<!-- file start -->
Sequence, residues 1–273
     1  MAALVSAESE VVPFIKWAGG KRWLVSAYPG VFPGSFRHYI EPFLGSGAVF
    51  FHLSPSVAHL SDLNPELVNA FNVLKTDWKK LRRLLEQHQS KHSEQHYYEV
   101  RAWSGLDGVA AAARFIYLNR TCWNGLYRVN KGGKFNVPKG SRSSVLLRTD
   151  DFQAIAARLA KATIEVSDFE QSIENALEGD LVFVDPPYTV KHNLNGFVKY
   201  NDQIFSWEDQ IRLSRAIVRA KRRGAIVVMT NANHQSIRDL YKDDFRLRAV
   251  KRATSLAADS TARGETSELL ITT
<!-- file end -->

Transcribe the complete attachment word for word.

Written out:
Sequence, residues 1–273
     1  MAALVSAESE VVPFIKWAGG KRWLVSAYPG VFPGSFRHYI EPFLGSGAVF
    51  FHLSPSVAHL SDLNPELVNA FNVLKTDWKK LRRLLEQHQS KHSEQHYYEV
   101  RAWSGLDGVA AAARFIYLNR TCWNGLYRVN KGGKFNVPKG SRSSVLLRTD
   151  DFQAIAARLA KATIEVSDFE QSIENALEGD LVFVDPPYTV KHNLNGFVKY
   201  NDQIFSWEDQ IRLSRAIVRA KRRGAIVVMT NANHQSIRDL YKDDFRLRAV
   251  KRATSLAADS TARGETSELL ITT